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Web / Internet Tension

This is a list of areas of tension between the Web [1] and Internet [2] architectures.

Key to understanding these tensions (which do not always follow organisational lines between the W3C and IETF) is that the Web is coalescing into a "Web Stack" of specifications, practices and implementations that have very broad adoption among end users (using browsers) and developers (using HTML, JavaScript, HTTP, etc.). The Web stack is a very appealing target for application development, and once you've adopted it, the cost of working outside of it becomes prohibitive.

Indicating Security Context

Within the Web stack, domains of control are represented by origins, i.e., scheme, host, port tuples. This same-origin policy applies to, among other things, the ability of JavaScript code to manipulate a document object model, the ability to retrieve data from other origins using XMLHttpRequest, the ability to place and retrieve cookies, and other.

Indicating the security context of a connection in the URL -- usually, using the URL scheme -- is therefore critical to the Web stack: Whether or not a network attacker controls the content of a security context is encoded in the distinction between https and http, and (to first order), insecure scripting contexts are isolated from insecure contexts.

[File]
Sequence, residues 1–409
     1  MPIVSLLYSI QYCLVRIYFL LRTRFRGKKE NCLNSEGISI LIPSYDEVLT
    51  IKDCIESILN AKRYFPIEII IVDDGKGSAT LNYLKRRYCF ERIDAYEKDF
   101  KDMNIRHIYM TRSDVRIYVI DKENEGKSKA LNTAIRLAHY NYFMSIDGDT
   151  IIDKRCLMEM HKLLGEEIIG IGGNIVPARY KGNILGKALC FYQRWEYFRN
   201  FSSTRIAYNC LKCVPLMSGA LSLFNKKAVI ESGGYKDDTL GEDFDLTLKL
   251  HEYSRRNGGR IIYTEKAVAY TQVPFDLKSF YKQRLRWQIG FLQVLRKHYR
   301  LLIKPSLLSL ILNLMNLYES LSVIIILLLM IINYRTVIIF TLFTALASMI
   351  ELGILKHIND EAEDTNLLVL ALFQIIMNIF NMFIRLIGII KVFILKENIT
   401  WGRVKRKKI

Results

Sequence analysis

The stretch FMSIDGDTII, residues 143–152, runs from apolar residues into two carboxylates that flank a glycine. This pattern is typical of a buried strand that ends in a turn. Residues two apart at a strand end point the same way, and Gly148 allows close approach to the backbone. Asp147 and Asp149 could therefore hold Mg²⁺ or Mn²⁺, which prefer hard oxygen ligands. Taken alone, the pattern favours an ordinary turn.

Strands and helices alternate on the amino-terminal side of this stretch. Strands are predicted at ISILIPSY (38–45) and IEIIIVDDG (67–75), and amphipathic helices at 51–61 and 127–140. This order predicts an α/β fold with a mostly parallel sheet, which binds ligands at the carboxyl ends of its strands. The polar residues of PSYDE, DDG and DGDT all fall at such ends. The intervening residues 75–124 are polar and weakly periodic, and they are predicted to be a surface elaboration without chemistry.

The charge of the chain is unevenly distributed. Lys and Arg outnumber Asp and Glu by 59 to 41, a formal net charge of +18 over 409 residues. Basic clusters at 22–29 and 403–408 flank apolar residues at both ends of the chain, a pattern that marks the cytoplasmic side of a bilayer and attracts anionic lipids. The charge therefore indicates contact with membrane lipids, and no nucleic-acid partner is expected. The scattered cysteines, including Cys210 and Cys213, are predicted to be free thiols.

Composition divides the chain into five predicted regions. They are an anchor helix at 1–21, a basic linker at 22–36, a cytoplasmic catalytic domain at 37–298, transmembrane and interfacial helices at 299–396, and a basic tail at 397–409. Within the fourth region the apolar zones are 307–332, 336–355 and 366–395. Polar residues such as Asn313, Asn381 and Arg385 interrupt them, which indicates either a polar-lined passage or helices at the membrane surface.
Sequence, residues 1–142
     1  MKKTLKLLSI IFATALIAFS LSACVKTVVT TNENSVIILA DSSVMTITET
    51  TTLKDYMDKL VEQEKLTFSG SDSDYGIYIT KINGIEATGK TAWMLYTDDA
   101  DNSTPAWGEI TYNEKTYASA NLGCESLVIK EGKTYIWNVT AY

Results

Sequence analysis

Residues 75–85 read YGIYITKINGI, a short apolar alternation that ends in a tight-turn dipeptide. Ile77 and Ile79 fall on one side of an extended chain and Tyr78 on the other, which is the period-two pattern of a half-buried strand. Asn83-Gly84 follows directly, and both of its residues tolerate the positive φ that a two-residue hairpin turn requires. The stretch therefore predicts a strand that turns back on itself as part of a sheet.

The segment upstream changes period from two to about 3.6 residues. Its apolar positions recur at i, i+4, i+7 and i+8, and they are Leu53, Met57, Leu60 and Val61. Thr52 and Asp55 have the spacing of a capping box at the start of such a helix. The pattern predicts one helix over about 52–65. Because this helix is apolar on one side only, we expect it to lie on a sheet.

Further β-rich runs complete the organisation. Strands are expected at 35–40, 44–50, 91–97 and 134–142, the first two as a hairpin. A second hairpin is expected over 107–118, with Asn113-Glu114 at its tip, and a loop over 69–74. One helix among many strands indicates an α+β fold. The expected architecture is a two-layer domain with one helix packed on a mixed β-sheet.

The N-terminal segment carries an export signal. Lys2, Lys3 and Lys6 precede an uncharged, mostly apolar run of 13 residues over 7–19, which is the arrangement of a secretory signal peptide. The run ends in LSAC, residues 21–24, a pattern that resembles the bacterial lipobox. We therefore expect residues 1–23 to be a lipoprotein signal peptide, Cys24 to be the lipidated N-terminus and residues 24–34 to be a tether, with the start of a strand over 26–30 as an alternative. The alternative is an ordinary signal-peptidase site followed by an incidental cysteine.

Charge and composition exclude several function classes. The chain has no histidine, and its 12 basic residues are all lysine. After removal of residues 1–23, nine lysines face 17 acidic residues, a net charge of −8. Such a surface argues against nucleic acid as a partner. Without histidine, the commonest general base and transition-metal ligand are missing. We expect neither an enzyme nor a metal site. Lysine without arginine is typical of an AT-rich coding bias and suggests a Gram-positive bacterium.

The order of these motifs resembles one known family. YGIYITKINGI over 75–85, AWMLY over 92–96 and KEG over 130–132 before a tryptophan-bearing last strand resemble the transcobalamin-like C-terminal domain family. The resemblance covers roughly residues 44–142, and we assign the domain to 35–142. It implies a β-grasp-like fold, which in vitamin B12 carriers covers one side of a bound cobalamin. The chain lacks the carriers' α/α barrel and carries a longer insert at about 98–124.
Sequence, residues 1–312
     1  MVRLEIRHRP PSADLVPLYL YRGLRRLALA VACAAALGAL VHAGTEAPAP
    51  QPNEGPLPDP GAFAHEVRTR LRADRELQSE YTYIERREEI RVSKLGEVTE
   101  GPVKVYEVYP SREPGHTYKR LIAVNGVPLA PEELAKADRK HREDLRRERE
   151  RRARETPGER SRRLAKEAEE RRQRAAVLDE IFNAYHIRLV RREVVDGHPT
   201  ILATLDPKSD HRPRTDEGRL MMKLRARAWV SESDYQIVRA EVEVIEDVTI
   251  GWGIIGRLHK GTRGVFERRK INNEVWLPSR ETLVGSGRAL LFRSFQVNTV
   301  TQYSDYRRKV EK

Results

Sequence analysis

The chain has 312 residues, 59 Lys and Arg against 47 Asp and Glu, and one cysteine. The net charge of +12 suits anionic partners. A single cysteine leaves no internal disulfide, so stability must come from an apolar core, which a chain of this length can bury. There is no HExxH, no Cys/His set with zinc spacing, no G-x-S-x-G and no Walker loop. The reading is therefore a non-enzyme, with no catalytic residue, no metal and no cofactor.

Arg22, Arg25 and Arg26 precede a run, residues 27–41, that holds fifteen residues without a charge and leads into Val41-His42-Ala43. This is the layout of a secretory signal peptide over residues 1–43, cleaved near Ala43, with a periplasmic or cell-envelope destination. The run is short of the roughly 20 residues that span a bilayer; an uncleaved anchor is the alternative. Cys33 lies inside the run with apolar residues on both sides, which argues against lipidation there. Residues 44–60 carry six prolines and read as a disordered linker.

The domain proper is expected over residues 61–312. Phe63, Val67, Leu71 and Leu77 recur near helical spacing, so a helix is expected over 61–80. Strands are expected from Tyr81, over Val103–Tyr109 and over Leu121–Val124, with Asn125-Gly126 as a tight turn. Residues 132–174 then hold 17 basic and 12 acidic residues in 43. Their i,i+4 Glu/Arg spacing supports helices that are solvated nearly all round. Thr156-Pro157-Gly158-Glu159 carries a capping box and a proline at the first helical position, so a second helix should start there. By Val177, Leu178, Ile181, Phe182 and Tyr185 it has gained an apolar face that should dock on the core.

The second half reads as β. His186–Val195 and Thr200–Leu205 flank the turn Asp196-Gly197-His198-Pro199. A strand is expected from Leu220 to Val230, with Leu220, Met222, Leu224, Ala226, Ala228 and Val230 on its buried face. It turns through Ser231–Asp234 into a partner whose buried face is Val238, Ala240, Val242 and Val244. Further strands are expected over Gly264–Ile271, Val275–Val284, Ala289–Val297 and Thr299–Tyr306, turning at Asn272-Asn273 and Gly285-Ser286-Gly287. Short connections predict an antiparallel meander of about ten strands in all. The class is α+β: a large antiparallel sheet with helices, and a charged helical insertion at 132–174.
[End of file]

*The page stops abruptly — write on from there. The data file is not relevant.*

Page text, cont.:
New mechanisms are also being built with the requirement to distinguish between secure and insecure contexts based on their URI built in (e.g., CORS [3]).

In the Internet architecture, protocols are encouraged NOT to reflect security properties by registering a separate URL scheme or using a separate TCP/UDP port. It is widely believed that protocols should upgrade their security properties without changing them, based upon the requirements of the application.

Performing Discovery

Increasingly, Web applications are needing to perform discovery to find nearby resources. E.g., CORE [4] is chartered to do this, and examining emerging Web architecture for discovery such as well-known URIs [5] and the hostmeta format [6] (packaged as LRRD [7]).

The Internet stack already has well-understood solutions to discovery (e.g. ZeroConf [8]). However, they're not readily available from the Web stack; there aren't JavaScript APIs for these capabilities, nor are they widely exposed as part of OS DNS implementations, so they're "invisible" to Web developers.


HTTP is a "MIME-like" protocol, but not actually MIME. While issues in HTTP/MIME gateways haven't often been seen in deployment, there have been architectural issues brought about by the differences.

For example, HTTP uses the media type system from MIME to identify message intent. It also allows a message to be encoded using a content-coding (end to end) or transfer-coding (hop-by-hop). However, some Web formats want to be able to unambiguously identify whether something is compressed using a filename extension (e.g., svg vs. svgz).

See also Larry's blog.